According to Wikipedia, “due diligence” is an investigation of a person or business prior to signing a contract. But this simple definition doesn’t do this term justice. Due diligence is about knowing everything there is to know about the company, product, stakeholders, financials, risks, and rewards of a deal. It's up to the person doing the deal to act as the legal representative and not miss any details.
To help you avoid a disaster in this area, here are 6 key items to check off before signing on the dotted line:
1) Company Background Check
- This may seem basic, but this item is overlooked far too often. Make sure you know everything you can about the company you are working with. When you’re signing a legal document for your business, proper due diligence on the company and people is your first obligation.
2) Key Dates
- Check each date in the contract for accuracy and make sure payment details are clear. For example, many times companies set an evergreen renewal date instead of an end date so make details like that are clear. If you’re going to pay in installments or only when work is completed to your satisfaction, say so and list dates, times, and requirements.
3) Correct Contacts
- Are the primary contacts from both sides highlighted in the contract? If a major stakeholder changes roles or leaves the business later on, is the agreement terminated? Make sure the correct legal names of the parties are in the contract so it’s clear who is responsible for performing the obligations under the agreement. Last, identify the business by its correct legal name, including the INC or LLC suffix so that you have proper legal rights if things go wrong.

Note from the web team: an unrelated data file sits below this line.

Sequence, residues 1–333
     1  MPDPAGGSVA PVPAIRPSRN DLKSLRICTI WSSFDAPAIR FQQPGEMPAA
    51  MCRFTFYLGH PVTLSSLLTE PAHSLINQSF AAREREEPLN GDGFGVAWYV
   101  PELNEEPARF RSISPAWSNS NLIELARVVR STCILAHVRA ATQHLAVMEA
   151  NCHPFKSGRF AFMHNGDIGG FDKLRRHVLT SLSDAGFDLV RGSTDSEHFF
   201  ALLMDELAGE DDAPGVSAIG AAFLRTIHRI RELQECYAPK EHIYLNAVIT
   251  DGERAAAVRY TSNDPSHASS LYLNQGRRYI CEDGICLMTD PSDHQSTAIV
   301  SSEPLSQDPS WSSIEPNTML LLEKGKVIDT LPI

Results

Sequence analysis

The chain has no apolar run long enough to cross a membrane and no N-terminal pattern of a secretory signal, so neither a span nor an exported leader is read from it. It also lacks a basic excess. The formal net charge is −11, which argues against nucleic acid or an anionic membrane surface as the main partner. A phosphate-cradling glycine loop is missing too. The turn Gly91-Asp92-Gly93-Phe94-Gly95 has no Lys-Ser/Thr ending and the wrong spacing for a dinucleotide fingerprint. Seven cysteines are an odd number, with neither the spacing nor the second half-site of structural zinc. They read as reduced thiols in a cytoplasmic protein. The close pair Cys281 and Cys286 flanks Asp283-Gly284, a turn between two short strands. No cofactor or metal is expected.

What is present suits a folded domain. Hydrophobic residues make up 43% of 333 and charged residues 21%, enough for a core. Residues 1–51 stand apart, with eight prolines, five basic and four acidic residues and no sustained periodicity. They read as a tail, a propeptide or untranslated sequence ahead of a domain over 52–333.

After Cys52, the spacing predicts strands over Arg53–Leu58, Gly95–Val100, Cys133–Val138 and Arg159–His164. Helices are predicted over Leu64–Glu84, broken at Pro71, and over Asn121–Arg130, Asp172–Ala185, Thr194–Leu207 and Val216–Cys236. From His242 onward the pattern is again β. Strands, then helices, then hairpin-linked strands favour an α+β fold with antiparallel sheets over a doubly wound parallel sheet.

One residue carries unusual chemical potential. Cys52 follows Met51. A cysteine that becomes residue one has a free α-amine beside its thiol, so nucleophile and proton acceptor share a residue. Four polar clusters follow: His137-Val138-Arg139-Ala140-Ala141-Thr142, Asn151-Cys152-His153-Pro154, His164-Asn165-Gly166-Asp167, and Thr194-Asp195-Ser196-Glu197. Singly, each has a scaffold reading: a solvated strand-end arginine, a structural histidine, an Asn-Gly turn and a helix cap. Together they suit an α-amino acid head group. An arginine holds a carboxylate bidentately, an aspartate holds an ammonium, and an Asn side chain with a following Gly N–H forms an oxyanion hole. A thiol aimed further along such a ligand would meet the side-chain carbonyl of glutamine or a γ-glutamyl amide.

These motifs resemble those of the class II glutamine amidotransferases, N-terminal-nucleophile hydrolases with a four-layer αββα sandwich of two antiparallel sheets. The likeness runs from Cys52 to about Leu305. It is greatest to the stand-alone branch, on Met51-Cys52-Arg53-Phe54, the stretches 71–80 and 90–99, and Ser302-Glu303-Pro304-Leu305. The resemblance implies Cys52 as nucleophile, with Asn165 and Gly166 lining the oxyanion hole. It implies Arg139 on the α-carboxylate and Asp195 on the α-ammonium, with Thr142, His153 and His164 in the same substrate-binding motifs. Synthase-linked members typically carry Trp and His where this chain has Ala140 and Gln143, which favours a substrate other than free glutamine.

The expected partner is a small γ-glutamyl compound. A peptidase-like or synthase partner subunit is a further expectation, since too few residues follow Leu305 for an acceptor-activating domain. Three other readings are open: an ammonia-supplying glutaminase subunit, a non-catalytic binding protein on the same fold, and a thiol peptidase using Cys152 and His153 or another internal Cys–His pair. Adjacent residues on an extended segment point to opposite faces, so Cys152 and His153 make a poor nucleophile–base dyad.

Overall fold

4) Clear Obligations
- It’s way too common that a contract is executed and some key obligations were not addressed. Check that your obligations are clearly and simply spelled out. If you see a lot of legalese or excessive text that could be an indication to read carefully, and if you still aren’t clear, ask for the clause to be clarified or re-written. Most importantly, set out the circumstances under which the parties can terminate the contract and make sure both sides are clear on expectations.
5) Double-Check Finances
- The numbers are often the most common negotiation topic, so it’s hard to believe that sometimes this detail can be overlooked. Make sure all the commas and decimal points are in the right place. After all, you could be just one extra zero away from a voided contract or a serious corporate dispute.
6) Understood Risks
- After all research has been done, dates and numbers have been checked, and stakeholders have been included, it’s time for one last high-level summary. Go over the full contract and make sure everyone on your team has a good understanding of the agreement and that all stakeholders are on the same page. Last, don’t leave any details out; if you discuss something verbally but it’s not in the contract, it will be next to impossible to enforce.
Once all stakeholders have fully bought in and understand the scope of their responsibilities, you can finally sign the contract knowing that you’ve done proper due diligence. If you are curious about more tips to help with contract negotiation processes, subscribe to our blog.
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